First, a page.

OXFORDSHIRE needs to double its wildlife land by 2050 to save birds, flowers and insects vanishing at an ‘alarming’ rate.

The warning comes from environmental group Wild Oxfordshire, which has now developed a ‘nature recovery’ map to help tackle the local emergency.

The map, below, identifies places that could be enhanced to help nature to flourish again.

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Recovery zones include large green areas around Oxford, Witney and Bicester.

Witney Gazette:

Some of the endangered species that Wild Oxfordshire aims to save are the rapidly declining turtle dove and brown hare.

Mike Pollard from the conservation charity, who chairs the technical group that developed the map, said: “In particular, we want to expand and connect together the biggest and best places to create a green network where nature will be able to flourish.

“A healthy environment is essential for a successful economy and needs to go hand in hand with a green recovery.

“Nature offers great solutions to current problems like climate change and flooding.

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“It provides local green spaces for our health and wellbeing, and sustains our food supplies.”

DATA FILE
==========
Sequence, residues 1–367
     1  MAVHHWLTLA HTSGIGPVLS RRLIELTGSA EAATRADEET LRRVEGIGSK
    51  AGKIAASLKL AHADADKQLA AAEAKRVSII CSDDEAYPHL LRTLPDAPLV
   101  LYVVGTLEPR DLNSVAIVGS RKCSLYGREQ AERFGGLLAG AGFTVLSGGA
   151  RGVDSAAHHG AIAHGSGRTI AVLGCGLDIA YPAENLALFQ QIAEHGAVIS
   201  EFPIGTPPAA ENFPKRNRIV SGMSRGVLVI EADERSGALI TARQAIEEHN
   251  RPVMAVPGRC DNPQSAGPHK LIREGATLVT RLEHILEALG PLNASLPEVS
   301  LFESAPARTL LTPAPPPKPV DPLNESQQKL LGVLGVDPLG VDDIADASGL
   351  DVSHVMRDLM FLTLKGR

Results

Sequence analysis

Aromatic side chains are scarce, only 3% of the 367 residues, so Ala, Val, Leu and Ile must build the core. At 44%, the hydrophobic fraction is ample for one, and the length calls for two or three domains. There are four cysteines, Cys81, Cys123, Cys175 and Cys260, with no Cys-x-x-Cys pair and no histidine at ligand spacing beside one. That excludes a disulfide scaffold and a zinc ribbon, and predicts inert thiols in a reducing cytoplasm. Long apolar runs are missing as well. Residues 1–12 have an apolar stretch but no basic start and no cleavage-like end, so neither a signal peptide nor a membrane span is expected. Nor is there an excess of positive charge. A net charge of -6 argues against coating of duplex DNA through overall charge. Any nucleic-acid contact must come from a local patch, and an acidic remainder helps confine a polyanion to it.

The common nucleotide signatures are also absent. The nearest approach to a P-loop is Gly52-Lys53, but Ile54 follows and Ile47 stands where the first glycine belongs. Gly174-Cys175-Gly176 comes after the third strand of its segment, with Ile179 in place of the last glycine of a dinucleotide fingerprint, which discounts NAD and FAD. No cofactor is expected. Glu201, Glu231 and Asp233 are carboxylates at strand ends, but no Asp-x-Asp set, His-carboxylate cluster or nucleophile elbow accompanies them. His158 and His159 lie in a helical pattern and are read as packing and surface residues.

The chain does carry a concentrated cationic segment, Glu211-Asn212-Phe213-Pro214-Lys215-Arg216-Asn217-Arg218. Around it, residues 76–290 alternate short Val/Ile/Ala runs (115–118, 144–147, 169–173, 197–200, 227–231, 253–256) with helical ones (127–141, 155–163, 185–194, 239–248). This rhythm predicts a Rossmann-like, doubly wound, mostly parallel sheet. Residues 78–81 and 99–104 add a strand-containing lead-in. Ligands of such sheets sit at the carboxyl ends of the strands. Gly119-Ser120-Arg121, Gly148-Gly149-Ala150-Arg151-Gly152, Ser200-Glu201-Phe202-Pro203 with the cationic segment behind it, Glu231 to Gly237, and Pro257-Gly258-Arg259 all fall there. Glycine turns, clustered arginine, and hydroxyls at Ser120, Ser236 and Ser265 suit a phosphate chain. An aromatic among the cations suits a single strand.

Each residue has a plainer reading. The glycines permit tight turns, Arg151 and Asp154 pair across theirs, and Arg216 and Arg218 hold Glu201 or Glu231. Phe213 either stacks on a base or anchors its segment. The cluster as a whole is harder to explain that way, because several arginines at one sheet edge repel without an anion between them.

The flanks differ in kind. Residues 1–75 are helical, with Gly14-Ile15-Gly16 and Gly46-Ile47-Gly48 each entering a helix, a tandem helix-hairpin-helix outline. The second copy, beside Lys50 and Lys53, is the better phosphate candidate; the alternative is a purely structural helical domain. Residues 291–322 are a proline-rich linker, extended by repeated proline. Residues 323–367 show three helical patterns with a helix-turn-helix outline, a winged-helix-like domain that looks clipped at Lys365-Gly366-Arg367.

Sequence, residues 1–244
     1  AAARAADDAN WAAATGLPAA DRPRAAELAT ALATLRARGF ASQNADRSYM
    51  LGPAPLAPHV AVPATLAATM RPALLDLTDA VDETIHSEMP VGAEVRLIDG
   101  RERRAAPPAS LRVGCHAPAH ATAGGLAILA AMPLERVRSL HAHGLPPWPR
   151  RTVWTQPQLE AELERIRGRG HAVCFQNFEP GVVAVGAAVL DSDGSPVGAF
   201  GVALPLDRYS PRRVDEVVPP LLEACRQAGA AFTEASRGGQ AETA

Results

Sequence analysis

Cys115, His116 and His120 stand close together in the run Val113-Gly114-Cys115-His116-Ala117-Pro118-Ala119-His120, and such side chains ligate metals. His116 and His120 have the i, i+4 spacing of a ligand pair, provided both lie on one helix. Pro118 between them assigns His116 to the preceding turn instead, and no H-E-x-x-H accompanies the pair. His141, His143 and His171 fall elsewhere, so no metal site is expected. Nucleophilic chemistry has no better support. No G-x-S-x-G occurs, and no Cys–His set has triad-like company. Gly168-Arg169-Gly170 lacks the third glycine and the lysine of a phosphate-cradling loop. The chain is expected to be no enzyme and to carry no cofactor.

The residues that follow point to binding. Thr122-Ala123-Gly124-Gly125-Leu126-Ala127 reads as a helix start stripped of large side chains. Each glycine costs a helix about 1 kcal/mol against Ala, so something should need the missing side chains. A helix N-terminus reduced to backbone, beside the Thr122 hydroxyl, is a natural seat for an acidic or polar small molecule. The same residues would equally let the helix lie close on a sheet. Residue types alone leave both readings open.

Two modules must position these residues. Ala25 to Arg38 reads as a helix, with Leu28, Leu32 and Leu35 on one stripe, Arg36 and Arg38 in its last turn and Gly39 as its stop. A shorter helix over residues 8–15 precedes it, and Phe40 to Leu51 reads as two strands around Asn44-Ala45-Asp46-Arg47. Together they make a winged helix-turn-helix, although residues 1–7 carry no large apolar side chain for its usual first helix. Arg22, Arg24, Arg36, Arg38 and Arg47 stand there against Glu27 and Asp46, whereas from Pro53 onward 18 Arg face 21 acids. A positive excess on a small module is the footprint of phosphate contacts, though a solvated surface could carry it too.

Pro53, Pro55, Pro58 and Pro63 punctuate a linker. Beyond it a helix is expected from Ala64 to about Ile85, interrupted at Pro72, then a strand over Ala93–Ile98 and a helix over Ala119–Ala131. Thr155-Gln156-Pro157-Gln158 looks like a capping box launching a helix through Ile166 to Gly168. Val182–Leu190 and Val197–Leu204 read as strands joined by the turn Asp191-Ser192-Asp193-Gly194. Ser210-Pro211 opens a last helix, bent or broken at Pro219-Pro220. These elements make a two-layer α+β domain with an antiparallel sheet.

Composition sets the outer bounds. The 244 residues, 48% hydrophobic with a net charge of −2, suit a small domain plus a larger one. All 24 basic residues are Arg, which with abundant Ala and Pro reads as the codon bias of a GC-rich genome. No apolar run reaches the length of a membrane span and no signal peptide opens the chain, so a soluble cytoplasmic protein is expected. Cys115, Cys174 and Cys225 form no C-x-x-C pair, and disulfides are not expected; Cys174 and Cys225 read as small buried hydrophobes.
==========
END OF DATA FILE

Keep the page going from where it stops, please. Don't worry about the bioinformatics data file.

The map is the culmination of work over the past nine months.

It marks the start of a major initiative to create a Nature Recovery Strategy for the county, according to Mr Pollard.

Witney Gazette:

Dan Carpenter from Thames Valley Environmental Records Centre led on the creation of the map that involved consultations with more than 60 experts from groups that have a stake in the county’s nature.

He said: “We brought together existing information on the most important areas for wildlife in Oxfordshire and identified areas of the landscape that could join these important assets together.”

The map created through this process comprises three zones – a core zone, which comprises the most important sites for biodiversity, a recovery zone, which includes freshwater areas, and a wider landscape zone.

Witney Gazette:

The Nature Recovery Network is also being used to help design Oxfordshire Plan 2050 – the brainchild of the six county authorities set help deliver affordable and social housing.

Making sure future developments are located in the right places will also be ‘key’ if nature is to make a comeback, the group said.

Conservation director for the Oxfordshire, Berkshire and Buckinghamshire Wildlife Trust Prue Addison is also part of the team developing the strategy.

Ms Addison said that, as presented in the Environment Bill, Nature Recovery Networks are intended as a ‘strategic land use decision making tool that will target activity to generate the greatest outcomes for wildlife’.

The team member added: “This will provide a means of integrating the environment into local decision making, and help channel novel funding streams into restoring the natural environment.”